Why Language?

There is great importance in developing a rich vocabulary and eloquent speech. Junior youth are dis-empowered when they cannot express what they see and experience in the world. More on Saturday!

Why Religion?

The majority of junior youth believe in religion, or ‘a’ religion, and this is a topic could not be avoided. In families, and all around the world, religion is a powerful social force, and the majority of the peoples of the world have beliefs. Junior youth groups make a space so that people from all religions could come together and make the world a better place and at the same time talk about what spirituality is.

A Baha’i from Canada describes this so well
“This is very important because junior youth have many dimensions to their reality; they are physical beings, they are social beings, but they are also spiritual beings. We have to help ensure that all these aspects of life become integrated and one, not separate from each other. It is actually when we start making separations that things become confusing and problems arise. We tend to fragment life in compartments, life, school, work, church/mosque, family, and we begin to act differently in each setting, until you end up forgetting who you are. This is because spiritual and material, or intellectual, progress needs to go hand in hand.”

Where & When: Saturday, February 14 at Brasenose College (Lecture room 11) from 10 a.m. – 12:00 p.m.

Rose Hill, here we come!

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A post from Clare O’Brien at http://footballandfaith.org

Pioneering!

Pioneering!

Grace Kermani and I have officially moved into our new home today! We decided to move a few months ago in order to be closer to the Nepalese population that we work with in Rose Hill, Oxford. Although Rose Hill is just 10 minutes up the road from Iffley Heights were we used to live… it was a different world away. I have a few friends who who work together as part of a ‘teaching team’ that is learning help the Nepalese community to build resources so that they may fully run and expand all the lovely activities currently going on. In October we were deepening our knowledge and understanding of carrying out this service by reading a document prepared by the International Teaching Centre, one of the Institutions in the Baha’i Faith, it said that one method that had been successful in other areas is to ‘homefront pioneer’ into a community so that you can help support them more fully. Those of us reading it initially were not sure if we should consider doing it. After consulting with our dear friend we realized that from the three of us, only I was in a position to be able to move at that time but that I would actually need someone to go with me. We consulted and decided that Grace Kermani was the most natural suggestion. I was not sure if she would agree to do it. From the moment I asked her she said, “yeah, I think I could do that for a few months. Let me think about it, but why not?”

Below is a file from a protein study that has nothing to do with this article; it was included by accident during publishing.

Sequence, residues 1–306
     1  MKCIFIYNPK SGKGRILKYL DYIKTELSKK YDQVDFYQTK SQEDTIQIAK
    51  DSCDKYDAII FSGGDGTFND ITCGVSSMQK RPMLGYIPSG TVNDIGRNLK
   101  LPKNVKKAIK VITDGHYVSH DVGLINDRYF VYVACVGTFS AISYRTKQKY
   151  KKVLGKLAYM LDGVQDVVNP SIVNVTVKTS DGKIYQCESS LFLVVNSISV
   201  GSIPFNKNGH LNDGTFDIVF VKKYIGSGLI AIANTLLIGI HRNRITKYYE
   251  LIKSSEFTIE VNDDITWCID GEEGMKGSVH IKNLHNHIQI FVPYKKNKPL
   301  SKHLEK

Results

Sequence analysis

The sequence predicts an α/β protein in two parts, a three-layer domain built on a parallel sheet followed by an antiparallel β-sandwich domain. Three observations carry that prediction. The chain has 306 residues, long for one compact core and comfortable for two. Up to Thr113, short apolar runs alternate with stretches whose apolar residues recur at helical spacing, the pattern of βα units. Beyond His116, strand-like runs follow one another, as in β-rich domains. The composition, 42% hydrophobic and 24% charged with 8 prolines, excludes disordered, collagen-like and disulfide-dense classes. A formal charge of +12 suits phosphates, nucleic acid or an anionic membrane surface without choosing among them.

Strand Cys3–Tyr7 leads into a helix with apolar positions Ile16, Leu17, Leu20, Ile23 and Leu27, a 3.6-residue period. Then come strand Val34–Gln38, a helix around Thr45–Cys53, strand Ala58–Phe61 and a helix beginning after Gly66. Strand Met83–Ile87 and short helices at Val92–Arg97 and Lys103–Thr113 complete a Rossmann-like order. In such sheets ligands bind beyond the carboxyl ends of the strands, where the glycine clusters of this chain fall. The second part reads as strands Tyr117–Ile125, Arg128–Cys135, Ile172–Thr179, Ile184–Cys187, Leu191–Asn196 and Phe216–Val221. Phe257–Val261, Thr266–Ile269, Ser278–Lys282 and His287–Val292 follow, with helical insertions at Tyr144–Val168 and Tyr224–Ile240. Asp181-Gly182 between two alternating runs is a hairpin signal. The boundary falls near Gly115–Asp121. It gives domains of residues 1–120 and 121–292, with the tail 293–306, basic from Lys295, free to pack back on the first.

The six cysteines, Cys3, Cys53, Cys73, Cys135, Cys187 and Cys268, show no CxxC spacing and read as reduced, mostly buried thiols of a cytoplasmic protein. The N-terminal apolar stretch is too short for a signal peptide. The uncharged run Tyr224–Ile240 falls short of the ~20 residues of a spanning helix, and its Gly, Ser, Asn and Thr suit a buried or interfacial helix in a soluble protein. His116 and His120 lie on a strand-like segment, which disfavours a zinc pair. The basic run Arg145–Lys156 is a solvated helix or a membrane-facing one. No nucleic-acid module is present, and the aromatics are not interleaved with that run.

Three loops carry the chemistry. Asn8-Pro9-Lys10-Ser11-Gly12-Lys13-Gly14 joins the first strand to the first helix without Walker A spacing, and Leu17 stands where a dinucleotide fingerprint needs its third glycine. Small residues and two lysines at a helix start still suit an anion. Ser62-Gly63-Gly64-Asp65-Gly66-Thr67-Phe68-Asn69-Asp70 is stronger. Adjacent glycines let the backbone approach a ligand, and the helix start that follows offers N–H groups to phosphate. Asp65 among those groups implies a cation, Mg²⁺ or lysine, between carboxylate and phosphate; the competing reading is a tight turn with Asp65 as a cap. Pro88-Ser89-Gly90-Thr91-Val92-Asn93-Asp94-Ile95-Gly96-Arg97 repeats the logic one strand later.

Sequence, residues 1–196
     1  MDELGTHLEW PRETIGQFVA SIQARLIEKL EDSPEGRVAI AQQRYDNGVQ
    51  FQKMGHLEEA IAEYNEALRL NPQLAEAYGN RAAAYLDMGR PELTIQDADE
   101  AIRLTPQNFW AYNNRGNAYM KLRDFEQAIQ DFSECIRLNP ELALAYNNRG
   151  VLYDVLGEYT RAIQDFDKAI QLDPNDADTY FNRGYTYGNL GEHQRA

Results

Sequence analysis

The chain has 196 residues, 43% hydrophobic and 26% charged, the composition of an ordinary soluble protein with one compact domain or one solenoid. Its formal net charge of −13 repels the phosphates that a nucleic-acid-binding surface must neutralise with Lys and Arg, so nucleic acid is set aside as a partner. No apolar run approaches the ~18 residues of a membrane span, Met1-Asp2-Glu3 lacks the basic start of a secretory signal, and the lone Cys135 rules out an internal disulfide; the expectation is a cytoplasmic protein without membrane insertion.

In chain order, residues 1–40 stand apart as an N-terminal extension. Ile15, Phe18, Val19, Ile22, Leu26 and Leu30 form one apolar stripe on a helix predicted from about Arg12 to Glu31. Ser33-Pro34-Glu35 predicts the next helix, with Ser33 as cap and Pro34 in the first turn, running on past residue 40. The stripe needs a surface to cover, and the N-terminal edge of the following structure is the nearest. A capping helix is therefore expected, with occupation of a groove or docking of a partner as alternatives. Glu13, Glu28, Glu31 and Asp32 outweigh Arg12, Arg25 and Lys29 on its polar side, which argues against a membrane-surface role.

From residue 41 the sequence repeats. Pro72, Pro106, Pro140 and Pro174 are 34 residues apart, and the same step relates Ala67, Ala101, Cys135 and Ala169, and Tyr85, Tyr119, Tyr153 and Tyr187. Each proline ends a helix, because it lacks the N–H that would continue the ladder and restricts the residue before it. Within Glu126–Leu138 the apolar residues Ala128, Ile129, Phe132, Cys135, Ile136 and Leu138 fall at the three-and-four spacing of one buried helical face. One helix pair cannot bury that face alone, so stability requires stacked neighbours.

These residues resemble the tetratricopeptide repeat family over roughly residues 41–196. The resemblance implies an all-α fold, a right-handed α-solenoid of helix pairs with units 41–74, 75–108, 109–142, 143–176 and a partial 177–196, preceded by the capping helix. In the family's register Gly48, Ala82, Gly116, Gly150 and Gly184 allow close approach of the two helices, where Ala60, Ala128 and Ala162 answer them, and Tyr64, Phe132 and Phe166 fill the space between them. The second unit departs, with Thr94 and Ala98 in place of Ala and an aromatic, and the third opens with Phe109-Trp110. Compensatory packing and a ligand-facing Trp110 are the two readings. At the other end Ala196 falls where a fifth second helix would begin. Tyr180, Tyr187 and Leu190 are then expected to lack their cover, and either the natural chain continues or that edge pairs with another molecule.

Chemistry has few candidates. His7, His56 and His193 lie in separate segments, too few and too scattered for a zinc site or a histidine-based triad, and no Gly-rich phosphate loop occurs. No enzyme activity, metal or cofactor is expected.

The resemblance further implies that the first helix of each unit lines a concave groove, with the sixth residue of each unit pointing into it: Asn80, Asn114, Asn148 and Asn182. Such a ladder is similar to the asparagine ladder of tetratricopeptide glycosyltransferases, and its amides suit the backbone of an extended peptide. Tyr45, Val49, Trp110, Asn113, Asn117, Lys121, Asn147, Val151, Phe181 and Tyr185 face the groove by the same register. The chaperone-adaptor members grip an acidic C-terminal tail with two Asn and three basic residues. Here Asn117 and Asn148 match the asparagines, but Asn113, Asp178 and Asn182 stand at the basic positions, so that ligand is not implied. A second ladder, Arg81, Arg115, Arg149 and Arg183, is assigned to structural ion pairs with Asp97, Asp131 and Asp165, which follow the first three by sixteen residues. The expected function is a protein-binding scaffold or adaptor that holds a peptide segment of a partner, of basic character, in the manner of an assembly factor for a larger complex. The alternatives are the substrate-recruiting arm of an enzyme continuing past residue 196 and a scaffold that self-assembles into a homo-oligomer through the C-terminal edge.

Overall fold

Grace Kermani, my lovely house-mate

Grace Kermani, my lovely house-mate

Day 1

this is what Grace says about our first day:

Day 1: Tonight will be our first night in our new home, our new neighbourhood. It’s been a rollercoaster ride just getting this far and I know there’s some exciting times ahead! I can’t wait to meet the families soon :)

So now 3 months after our initial thoughts about homefront pioneering… 5 car loads later… we are going to be spending our first night in our new home! We do get scared sometimes… maybe that is just because our house was broken into last month and then someone tried to again a few days ago. Maybe it is because it is culturally and socially miles away from our current life? But we are both very excited and ready to serve!

It’s a new day

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Welcome to the new website of the Oxford Baha’i community. We plan to post news and updates on the site in the days and weeks to come.

A special thanks to Jonah Winters for getting us up and running.